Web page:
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Maharashtra - History

MaharashtraThe antiquity of the human habitation in the state goes back to the stone age period (1.27 million years ago). Numerous sites with the stone age tools have been reported on the bank of various rivers as well as in the river vallies. Numerous Chalcolithic sites have been located and some like Inamgaon(1300 BCE to 700 BCE) were extensively excavated.

During the historical period (after 6th century BCE) the rule of the Mauryas (4th century BCE to 2nd century BCE) is clearly seen in Maharashtra. Remains of the inscriptions of Ashoka have been found in the state. A long lasting rule over the state was that of the Satavahanas (1st century BCE to 3rd Century CE).This was a very flourishing period of the state.

The international trade with the western world was in full swing during this period. The ports in Maharashtra played a major role in this. The result can be seen in the excavation of a number of Buddhist rock cut caves like Bhaja, Pitalkhore, Karla Nasik etc patronised mainly by the trading community. The Western Kshatrapas were ruling from Gujrat but they had conquerred some o the the Satavahana territory for some time. The Satavahanas defeated these rulers in 78 CE and regained their land. The Satavahana rule expanded not only in the whole of the modern state of Maharashtra but also in parts of Andhra Pradesh, Karnataka and Madhya Pradesh.

After the decline of the Satvahana rule, many small kingdoms were established in diferent parts of Maharashtra like the Abhiras, Traikutakas etc. But in 4th century CE the Vakataka rulers came to prominence. They had two branches both ruling in Vidarbha. Some of their rulers had patronized the cave excavation activities at Ajanta in 5th century CE.

Maharashtra was ruled by a few rulers in the 6th -7th centuries CE - like the Kalachuris (Madhya Pradesh) and Western Chalukyas (Karnataka). But a stable rule started in 8th century CE when the Rashtrakutas came to power. They were also involved in the creation of the world famous caves at Ellora. Their rule was extended not only in Maharashtra but also in Karnataka. At one point of time they had conquered the entire region between the states of Maharashtra and Uttar Pradesh.

The Yadavas (10th century to 13th century CE) were the next rulers in the state. Their rule lasted for a long time over the parts of central and eastern Maharashtra. The Shilahara rulers were contemporary to them ruling in the western and southern Maharashtra. This period marks the efflorescence of the temple building activity in Maharashtra. Impressive temples were constructed at a number of places like Hottal, Nilanga, Khidrapur, Gondeshwara etc. some forts like Devagiri, Panhala were also built during this period. The Yadavas were defeated by Allauddin Khilji of the Delhi Sultanat.

Muhammad bin Tughluq shifted his capital to Daulatabad (Devagiri) from Delhi for some time. After the decline of the Tughluqs the Bahmani Sultanat started ruling over Maharashtra in the 14th century CE. The Faruqi ruled over Khandesh region and the Gujrat Sultans ruled over Mumbai and surrounding regions in the 14th 15th centuries CE. After the disintegration of the Bahamani Empire the Nizamshahi and Adilshahi rule over different parts of the state.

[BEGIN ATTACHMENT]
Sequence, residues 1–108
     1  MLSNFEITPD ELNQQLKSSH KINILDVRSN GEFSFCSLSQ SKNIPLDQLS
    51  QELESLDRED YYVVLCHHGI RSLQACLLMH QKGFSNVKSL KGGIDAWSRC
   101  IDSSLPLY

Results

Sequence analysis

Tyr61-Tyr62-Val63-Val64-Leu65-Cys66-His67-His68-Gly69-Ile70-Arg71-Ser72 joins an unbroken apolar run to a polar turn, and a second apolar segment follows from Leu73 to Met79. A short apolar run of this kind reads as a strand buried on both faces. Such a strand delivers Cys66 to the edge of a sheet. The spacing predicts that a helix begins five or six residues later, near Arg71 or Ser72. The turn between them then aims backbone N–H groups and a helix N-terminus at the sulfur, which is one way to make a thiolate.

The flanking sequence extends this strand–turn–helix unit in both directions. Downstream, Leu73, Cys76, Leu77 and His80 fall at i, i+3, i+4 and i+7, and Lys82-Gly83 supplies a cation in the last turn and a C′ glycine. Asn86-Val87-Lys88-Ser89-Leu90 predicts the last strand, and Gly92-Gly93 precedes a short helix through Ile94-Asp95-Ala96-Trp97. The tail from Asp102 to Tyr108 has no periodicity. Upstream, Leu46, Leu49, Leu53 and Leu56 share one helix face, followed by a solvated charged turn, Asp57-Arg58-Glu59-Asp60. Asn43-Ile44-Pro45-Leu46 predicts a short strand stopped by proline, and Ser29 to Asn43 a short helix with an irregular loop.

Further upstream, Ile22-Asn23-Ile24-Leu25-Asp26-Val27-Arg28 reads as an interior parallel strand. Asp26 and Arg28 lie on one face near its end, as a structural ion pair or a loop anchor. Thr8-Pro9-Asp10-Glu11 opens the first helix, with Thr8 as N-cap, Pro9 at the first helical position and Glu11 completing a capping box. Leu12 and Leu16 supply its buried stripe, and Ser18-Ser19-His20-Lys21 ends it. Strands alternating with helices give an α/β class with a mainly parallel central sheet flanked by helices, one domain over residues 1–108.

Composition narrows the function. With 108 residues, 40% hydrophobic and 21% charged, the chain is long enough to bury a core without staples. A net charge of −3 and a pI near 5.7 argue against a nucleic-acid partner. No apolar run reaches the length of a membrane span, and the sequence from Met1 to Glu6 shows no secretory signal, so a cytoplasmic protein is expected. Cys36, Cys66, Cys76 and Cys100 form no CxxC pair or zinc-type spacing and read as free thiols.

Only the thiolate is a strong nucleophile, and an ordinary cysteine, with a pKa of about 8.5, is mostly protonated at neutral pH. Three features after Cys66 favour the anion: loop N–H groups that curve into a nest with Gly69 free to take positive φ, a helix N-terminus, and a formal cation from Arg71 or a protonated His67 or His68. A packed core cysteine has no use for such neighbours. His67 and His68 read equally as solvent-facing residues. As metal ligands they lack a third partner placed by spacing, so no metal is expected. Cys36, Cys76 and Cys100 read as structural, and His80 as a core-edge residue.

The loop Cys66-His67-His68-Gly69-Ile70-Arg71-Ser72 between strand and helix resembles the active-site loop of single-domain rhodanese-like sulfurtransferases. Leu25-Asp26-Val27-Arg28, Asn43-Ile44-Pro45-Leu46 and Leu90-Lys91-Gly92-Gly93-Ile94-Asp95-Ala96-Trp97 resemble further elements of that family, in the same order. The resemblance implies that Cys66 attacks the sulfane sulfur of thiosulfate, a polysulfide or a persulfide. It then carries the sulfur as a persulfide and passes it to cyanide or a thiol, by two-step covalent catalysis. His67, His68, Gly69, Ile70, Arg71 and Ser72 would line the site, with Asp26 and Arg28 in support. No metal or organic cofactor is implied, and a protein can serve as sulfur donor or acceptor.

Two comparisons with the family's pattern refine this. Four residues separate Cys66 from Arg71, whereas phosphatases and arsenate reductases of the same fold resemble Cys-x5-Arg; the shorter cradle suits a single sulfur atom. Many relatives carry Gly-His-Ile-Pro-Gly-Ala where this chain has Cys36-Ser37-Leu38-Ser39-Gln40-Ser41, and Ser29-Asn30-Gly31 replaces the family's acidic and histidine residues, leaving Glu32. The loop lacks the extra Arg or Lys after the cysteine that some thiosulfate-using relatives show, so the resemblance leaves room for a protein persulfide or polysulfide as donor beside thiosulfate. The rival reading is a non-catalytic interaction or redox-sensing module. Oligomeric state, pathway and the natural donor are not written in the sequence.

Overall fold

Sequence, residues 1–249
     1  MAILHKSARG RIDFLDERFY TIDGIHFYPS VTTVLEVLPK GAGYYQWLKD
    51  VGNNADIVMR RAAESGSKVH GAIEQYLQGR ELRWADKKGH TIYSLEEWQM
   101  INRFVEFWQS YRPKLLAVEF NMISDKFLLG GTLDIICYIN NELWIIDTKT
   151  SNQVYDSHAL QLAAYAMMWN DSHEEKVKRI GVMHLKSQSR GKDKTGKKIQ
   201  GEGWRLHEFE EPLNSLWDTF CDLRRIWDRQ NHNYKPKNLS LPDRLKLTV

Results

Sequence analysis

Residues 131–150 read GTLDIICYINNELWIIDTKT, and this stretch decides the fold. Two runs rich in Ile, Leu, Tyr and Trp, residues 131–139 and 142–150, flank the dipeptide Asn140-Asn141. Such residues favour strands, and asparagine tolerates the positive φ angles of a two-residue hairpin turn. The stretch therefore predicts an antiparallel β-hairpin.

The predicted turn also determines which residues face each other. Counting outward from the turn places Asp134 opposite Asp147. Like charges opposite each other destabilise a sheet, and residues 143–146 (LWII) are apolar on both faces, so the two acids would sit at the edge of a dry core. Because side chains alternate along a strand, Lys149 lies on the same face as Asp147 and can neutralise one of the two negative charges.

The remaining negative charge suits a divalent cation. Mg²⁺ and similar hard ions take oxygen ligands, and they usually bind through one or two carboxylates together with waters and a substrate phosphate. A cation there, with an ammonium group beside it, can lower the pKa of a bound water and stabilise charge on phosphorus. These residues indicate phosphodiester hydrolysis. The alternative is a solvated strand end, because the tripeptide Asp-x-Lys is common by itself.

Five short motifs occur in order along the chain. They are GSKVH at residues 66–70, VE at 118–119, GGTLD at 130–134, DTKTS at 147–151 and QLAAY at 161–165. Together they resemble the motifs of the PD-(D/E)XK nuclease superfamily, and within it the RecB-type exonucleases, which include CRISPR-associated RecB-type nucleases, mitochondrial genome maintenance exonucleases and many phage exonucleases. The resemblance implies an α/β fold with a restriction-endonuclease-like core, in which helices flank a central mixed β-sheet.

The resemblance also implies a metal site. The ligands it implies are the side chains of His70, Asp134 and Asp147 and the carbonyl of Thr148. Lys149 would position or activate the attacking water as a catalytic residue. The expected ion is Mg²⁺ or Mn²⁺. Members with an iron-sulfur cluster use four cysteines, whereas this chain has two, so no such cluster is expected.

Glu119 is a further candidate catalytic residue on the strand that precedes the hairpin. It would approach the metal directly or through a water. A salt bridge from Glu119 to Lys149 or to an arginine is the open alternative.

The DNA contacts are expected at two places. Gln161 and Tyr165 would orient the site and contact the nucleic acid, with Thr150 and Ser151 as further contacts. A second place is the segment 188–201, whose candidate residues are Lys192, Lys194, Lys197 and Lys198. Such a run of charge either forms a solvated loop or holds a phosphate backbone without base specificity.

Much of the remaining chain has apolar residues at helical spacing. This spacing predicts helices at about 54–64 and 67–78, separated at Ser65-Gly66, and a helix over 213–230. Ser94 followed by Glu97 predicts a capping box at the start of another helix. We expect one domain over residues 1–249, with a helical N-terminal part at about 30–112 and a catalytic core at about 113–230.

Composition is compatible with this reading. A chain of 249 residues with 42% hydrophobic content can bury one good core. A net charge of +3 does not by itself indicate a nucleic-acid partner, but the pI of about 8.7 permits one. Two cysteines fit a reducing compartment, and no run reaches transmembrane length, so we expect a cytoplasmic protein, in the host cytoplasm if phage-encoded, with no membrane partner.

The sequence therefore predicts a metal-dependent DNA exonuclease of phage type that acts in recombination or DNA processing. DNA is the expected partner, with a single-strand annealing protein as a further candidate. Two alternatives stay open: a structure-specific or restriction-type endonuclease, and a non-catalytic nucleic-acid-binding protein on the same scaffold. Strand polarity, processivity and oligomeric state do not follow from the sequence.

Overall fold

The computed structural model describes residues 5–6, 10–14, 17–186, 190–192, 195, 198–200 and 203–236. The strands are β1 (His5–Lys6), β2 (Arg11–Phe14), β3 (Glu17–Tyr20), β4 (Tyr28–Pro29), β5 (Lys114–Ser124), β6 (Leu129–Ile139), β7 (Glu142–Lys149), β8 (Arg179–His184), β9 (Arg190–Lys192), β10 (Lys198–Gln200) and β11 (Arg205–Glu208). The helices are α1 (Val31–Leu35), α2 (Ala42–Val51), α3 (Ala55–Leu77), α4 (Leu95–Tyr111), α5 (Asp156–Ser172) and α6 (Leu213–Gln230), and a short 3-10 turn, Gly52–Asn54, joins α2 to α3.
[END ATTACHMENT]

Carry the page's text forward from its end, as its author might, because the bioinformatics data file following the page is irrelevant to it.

In the 17th century CE Chhatrapati Shivaji established his independent rule in Maharashtra. He coronated himself as a sovereign ruler in 1674 CE. This local Maratha kindom expanded itself into the Maratha Empire in 18th and early 19th centuries CE until the Britishers took over it in 1819.

Since then with the contribution of numerous freedom fighters Maharashtra played a major role in the struggle for the independence. Maharashtra was in the forefront of the freedom struggle, and it was here that the Indian National Congress was born. A galaxy of leaders from Mumbai and other cities in Maharashtra led the Congress movement under the guidance of Tilak, and later Mahatma Gandhi. Maharashtra was the home of Gandhiji's movement, while Sevagram was the capital of nationalistic India during the Gandhian era.

On 1st May 1960 the separate Marathi speaking state of Maharashtra was created on public demand. The administrative evolution of the state of Maharashtra is the outcome of the linguistic reorganisation of the States of India. The State was formed by bringing together all contiguous Marathi-speaking areas, which previously belonged to four different administrative hegemonies - the district between Daman and Goa that formed part of the original British Bombay Province; five districts of the Nizam's dominion of Hyderabad; eight districts in the south of the Central Provinces (Madhya Pradesh) and a sizeable number of petty native-ruled state enclaves lying enclosed within the above areas, which later merged with adjoining districts.



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